Monday Morning Quarterback here. Actually, more like checking in to see what happened to the bets I placed so far on the broadband stimulus program. Here are some more of my observations after some pondering.
I believe that, even though it probably wasn’t their intention, NTIA has established in this first round of awards parameters for following the path of least resistance. Many of those funded are middle mile projects, each serving a lot of people and/or covering a huge amount of geography. It’s probably easier (read: faster) for a reviewer to make award decisions to fund five middle mile projects, each covering 10 counties, than to make decisions for 50 individual county proposals.
I said early this year, as grant reviewers get pushed closer to a drop-dead date to reach some particular milestone of the funding process, the pressure is going to be huge to find that path of least resistance wherever possible and still be able to approve a worthy project. When it’s near drop-dead time in February, and if there’s still a backlog of applications, I expect you’ll see more middle mile projects funded.
A sizable portion of infrastructure grants went to public/private partnerships and nonprofits versus private entities that are the sole operator of the network. Even when you look at the general list of proposals and pull back the details on entities whose names seem to indicate “private company,” there are a few that are equally public and private sectors together at the helm.
I bring up the public sector and nonprofits because I believe in May-June, based on comments I’d read or hear at events, quite a few people were assuming mostly private sector companies would get money to build networks, not public sector and nonprofits. However, what I see so far reflects the wording of the stimulus bill that gives top priority to local and regional governments, nonprofits and public/private partnerships. Private sector companies are dead last on that list.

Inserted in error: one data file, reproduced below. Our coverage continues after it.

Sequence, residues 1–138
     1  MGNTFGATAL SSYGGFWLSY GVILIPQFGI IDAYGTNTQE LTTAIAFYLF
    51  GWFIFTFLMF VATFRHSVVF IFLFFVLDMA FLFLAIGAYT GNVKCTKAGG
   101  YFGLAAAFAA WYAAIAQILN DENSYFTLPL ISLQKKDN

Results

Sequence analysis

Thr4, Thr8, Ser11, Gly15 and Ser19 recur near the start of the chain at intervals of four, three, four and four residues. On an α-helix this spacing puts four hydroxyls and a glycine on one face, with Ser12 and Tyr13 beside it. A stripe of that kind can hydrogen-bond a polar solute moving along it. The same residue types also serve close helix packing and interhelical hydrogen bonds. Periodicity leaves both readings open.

I tend to think that the size of the telcos getting awards may also be a surprise because a couple of those announced last week are local, small companies. If this trend continues, I believe it’s going to be a blow to all that propaganda you hear from the big incumbents that make you think they are the key to innovation and deployment when it’s time to roll out a national broadband strategy.
Traditionally in technology and in telecommunications, it is most often the small companies that are the leaders of innovation. They are the problem solvers. As a recent report from Accenture points out, 42% of the big telcos fall way short on innovation.
Almost all of the BTOP grants were awarded to projects recommended by their respective states’ governors. Coming back to the “drop dead date” scenario, I believe that when pressed for time reviewers are going to defer to those projects approved by governors, basically trusting the state’s judgment when proposals appear to be of similar value. And how much blow-back are you going to get in Congressional oversight hearings if you defer to public-private partnerships, because that’s what Congress in the legislation said they want.
Someone asked me if I think the funding process is moving too slowly. This pace will always be too slow to an administration that desperately needs to show some kind of results for all of the deficit spending. It will be too fast for people who want to score political points against the administration, as well as those who think we put the cart of execution before the horse of planning. And that is exactly what I expected to be one outcome of this program.
One final observation. Another item I brought up earlier in the year was that stakeholder partnerships were going to be a major factor. The winning infrastructure proposals have a lot of chest thumping going on about how many institutions they intend to serve, some talking about 250-300 or more. Whether you call ’em stakeholders, institutions, anchor tenants or your Payday Insurance Package, I’m thinking you better have a clearly articulated plan for how they’re going to play a big role in your network’s financial sustainability.
Filed under: Broadband stimulus, Making the business case, Needs analysis, Network business planning, Strategic thinking Tagged: | broadband grants, Broadband stimulus, broadband strategy, community broadband, craig settles, NOFA